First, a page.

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“On June 14, 2016, the 10-year German government bond slipped to a yield just below zero for the first time. The 10-year bund, as it’s known, is the benchmark bond in the eurozone. “

The Bank of Japan, the European Central Bank and several smaller European authorities have ventured into the once-uncharted territory of negative interest rates. But what are negative rates, and how do they come about?

Imagine a bank that pays negative interest. In this upside-down world, borrowers get paid and savers penalized. Crazy as it sounds, several of Europe’s central banks cut key interest rates below zero in 2014, and now Japan has followed. By mid-2016, some 500 million people in a quarter of the world economy were living with rates in the red. Unthinkable before the 2008 financial crisis, the idea is to jolt lending, spur inflation and reinvigorate the economy after other options have been exhausted. It’s an unorthodox move that has distorted financial markets and triggered complaints that the strategy is backfiring. Negative rates will either mark the start of a new era for the world’s central banks, or finally expose the limit of their powers.

The Situation

More policy makers have warmed to the experiment, even though sub-zero rates can crimp the ability of banks to make money or lead them to take additional risks in search of profit. The Bank of Japan rattled global markets by adopting negative rates in early 2016, more than 18 months after the European Central Bank became the first major monetary institution to venture below zero. The ECB cut again in March, charging banks 0.4 percent to hold their cash overnight. Sweden, Switzerland andDenmark have also adopted negative rates, weakening their currencies by encouraging investors to seek higher returns elsewhere. Even Janet Yellen, the U.S. Federal Reserve chair, said in 2015 that a change in circumstances could put negative rates “on the table” in the U.S. Since central banks provide a benchmark for all borrowing costs, negative rates spread to a range of fixed-income securities. By the end of April, about $8 trillion of government bonds worldwide offered yields below zero. That means investors holding to maturity won’t get all their money back. While most banks have been reluctant to pass on negative rates for fear of losing customers, a few began to charge large depositors.

The Background

Negative interest rates are an act of desperation, a signal that traditional policy options have proved ineffective and new limits need to be explored. They punish banks that hoard cash instead of extending loans. Europe’s central bank chose to experiment with negative rates before turning to a bond-buying program like those used in the U.S. and Japan. Policy makers in both Europe and Japan are trying to prevent a slide back into deflation, or a spiral of falling prices that could derail the economic recovery. ECB President Mario Draghi said in January 2016 that there are “no limits” on what he will do to meet his mandate.  The euro zone is grappling with a shortage of credit and unemployment that is only slowly receding from its highest level since the currency bloc was formed in 1999.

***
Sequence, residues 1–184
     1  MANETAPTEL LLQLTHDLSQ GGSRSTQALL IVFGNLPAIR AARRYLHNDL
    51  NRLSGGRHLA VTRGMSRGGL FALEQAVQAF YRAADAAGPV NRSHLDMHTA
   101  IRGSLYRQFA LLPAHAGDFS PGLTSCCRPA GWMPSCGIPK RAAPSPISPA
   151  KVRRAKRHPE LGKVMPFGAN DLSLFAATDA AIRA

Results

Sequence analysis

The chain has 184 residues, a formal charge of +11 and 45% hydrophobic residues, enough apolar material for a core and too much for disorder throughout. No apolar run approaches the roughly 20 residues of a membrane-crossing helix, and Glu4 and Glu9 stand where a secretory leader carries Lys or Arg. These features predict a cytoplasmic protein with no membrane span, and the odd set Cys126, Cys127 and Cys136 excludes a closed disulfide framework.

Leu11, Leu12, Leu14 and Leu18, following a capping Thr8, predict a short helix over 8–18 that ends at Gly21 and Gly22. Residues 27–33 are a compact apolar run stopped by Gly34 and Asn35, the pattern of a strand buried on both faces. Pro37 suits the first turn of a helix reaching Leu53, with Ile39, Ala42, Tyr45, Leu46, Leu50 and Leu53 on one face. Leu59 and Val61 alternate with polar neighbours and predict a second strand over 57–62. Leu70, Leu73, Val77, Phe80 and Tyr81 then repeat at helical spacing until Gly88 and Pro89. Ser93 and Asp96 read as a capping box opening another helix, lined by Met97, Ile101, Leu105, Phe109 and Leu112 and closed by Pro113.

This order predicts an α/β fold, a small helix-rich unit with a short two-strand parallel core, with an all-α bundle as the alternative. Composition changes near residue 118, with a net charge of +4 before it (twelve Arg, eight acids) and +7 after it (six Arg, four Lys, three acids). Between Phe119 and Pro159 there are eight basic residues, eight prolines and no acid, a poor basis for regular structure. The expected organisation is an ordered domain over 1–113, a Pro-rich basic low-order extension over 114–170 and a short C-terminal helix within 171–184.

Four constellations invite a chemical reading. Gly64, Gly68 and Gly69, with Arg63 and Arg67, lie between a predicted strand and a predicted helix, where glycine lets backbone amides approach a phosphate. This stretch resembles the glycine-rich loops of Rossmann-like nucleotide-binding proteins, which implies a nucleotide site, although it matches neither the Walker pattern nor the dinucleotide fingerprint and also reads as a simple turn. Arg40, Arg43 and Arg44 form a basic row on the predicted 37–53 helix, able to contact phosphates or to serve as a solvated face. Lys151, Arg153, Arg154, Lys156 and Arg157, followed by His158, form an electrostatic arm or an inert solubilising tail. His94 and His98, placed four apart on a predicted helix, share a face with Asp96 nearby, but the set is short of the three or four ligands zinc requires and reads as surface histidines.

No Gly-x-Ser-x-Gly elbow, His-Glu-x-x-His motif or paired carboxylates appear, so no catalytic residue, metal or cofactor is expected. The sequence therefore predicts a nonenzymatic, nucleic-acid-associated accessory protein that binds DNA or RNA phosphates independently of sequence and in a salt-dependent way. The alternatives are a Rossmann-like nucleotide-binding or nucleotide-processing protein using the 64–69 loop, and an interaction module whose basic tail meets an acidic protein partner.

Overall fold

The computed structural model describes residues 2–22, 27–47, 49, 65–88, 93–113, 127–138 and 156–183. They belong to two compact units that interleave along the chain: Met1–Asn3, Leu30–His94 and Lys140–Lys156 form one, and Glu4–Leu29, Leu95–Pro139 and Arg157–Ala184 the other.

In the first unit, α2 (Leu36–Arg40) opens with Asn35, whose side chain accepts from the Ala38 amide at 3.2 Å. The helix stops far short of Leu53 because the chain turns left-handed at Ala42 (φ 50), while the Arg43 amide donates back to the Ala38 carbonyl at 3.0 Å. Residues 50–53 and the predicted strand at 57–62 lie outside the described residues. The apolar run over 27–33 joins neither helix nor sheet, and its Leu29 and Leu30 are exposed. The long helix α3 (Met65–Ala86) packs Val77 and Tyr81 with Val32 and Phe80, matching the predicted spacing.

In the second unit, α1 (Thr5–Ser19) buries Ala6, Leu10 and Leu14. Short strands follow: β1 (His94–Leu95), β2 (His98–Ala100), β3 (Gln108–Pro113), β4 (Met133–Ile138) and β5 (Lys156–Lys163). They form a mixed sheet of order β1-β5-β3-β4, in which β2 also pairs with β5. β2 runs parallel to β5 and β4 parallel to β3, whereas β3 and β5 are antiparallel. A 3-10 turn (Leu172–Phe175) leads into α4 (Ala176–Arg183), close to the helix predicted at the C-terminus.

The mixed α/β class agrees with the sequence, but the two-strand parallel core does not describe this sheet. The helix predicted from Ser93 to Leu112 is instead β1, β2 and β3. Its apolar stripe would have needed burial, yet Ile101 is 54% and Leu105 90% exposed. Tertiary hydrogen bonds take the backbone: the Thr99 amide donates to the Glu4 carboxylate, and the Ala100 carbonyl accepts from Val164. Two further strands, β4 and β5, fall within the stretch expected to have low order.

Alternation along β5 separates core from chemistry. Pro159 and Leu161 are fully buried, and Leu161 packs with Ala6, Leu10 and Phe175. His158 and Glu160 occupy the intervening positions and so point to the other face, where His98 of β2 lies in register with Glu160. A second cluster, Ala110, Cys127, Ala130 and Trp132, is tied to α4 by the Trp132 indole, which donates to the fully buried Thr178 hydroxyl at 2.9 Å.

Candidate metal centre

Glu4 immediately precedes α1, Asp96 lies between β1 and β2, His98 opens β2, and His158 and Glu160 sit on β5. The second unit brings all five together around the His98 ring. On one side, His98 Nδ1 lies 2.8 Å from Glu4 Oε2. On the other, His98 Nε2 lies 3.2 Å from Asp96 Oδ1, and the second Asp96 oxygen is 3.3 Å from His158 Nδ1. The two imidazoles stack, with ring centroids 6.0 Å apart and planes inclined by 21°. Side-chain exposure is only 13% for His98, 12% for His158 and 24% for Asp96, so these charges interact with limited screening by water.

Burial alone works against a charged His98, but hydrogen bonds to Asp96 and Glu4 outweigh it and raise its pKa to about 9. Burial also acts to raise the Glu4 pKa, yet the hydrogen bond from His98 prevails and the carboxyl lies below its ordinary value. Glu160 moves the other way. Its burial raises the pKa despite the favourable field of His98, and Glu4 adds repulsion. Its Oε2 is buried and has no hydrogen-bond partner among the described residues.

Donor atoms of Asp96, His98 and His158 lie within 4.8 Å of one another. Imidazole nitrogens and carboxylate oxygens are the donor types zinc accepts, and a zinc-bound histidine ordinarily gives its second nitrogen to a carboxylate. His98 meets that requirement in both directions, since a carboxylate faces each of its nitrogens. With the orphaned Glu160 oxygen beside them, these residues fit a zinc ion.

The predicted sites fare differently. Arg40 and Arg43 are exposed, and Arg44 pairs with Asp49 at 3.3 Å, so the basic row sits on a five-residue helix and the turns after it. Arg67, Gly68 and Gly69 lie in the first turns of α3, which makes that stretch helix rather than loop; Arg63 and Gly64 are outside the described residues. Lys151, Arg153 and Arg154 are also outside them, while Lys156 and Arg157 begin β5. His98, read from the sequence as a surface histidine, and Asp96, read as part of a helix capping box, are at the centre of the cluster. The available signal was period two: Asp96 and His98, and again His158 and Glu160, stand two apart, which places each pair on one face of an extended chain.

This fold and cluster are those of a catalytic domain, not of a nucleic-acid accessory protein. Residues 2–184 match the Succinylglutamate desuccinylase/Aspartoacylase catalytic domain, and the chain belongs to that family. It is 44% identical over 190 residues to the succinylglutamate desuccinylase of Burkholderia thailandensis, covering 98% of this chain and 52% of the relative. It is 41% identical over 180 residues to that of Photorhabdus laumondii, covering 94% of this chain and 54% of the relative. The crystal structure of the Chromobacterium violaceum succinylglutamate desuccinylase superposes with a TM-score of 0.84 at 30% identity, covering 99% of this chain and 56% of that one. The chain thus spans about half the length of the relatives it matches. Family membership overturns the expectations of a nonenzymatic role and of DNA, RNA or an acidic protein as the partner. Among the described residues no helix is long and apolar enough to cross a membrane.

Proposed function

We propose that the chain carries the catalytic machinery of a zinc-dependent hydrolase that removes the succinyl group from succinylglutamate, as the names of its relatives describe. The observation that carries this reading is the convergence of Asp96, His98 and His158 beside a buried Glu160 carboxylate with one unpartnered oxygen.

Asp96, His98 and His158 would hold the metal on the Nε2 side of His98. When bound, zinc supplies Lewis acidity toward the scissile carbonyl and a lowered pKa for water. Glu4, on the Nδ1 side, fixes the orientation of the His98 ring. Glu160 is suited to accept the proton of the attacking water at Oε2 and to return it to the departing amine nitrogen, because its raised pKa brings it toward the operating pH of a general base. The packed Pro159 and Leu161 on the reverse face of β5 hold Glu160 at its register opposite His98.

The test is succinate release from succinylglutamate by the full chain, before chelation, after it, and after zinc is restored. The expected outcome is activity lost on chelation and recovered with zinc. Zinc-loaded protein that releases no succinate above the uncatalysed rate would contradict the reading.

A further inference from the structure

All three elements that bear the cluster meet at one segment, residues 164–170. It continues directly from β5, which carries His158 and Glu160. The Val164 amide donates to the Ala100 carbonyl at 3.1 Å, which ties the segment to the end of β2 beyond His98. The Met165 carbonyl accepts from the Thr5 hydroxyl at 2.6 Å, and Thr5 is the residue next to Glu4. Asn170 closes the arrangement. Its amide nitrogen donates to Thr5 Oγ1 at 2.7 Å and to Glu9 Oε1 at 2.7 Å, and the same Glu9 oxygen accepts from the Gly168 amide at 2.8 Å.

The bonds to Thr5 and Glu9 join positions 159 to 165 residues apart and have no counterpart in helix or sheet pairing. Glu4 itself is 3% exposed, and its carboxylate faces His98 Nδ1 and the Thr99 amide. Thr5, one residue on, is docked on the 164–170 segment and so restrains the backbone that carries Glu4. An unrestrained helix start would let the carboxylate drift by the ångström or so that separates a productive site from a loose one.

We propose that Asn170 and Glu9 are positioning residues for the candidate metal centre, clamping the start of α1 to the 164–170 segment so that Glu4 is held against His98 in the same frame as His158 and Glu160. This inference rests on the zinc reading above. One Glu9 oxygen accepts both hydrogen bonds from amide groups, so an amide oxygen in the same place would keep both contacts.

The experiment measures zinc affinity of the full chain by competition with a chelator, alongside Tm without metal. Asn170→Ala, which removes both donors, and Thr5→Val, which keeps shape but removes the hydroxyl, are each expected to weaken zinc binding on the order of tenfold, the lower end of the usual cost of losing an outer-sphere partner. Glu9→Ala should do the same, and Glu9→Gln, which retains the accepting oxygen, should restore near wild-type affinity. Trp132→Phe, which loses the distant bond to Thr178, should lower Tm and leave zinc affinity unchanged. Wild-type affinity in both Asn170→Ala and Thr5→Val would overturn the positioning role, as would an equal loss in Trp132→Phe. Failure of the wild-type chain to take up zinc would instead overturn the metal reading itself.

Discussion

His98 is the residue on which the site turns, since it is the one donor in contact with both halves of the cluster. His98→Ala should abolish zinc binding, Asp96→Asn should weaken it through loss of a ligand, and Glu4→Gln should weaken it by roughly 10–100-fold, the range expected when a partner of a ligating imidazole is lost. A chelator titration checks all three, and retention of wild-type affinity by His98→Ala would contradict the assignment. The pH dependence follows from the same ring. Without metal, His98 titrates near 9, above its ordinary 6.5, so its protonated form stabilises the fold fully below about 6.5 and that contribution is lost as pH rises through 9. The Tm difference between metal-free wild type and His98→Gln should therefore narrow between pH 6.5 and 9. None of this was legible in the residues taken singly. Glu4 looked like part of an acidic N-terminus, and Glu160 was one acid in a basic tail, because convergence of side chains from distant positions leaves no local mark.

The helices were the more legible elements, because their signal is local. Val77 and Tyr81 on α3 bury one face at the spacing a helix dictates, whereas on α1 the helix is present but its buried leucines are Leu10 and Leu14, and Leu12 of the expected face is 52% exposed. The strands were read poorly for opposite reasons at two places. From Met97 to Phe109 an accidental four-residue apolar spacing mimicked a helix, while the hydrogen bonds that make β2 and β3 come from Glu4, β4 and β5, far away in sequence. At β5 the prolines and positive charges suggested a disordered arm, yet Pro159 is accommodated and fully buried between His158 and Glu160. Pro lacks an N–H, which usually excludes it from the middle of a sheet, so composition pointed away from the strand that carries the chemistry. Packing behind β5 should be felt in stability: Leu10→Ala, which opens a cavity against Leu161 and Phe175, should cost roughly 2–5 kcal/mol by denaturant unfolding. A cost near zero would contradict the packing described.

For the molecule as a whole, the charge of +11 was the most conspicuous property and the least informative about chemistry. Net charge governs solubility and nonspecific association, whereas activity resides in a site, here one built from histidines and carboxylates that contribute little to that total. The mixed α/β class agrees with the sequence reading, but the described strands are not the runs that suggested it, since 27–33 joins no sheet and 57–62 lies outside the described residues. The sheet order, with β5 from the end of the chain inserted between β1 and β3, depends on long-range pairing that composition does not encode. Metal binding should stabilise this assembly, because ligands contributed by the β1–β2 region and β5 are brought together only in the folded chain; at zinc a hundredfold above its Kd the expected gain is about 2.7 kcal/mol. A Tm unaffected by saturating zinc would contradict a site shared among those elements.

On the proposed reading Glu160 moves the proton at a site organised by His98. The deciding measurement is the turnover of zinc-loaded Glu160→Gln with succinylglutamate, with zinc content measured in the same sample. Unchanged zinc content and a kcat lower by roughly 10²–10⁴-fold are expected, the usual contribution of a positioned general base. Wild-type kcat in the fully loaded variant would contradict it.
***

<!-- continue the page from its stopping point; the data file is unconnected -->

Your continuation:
The Argument

In theory, interest rates below zero should reduce borrowing costs for companies and households, driving demand for loans. In practice, there’s arisk that the policy might do more harm than good. If banks make more customers pay to hold their money, cash may go under the mattress or into a safe instead, robbing lenders of a crucial source of funding and perhaps even triggering a bank run. Even if that doesn’t happen, there’s mounting concern that when banks absorb the cost of negative rates themselves, it squeezes the profit margin between their lending and deposit rates, and might make them even less willing to lend. Two years into the experiment, it was still too early to tell if negative interest rates will work, but central bankers say that so far the costs have been manageable. If more and more central banks use negative rates as a stimulus tool, the policy might ultimately lead to a currency war of competitive devaluations. The Bank for International Settlements warned in a March 2016 report of “great uncertainty” if rates stay negative for a prolonged period. However, the fact that such tools have now been tested means they’re likely here to stay.

The Reference Shelf

  • A Bloomberg comic explains how negative interest rates aim to put money to work.
  • The Bank for International Settlements published a March 2016 report on negative rates.
  • An analysis of the impact of negative rates in 2015 from Sweden’s central bank.
  • Blog posts from Francesco Papadia, a former director general for market operations at the ECB, on whether the central bank should have negative rates, and a discussion about where rates could go.
  • A speech by Benoit Coeure, a member of the ECB Executive Board, on monetary policy and the challenges of the zero lower bound.
  • A Bloomberg News article outlining the pros and cons of a deposit rate of zero or below and a QuickTake on the ECB’s debate over quantitative easing.
  • An ECB research paper on non-standard monetary policy and a Bank of England study of negative rates.

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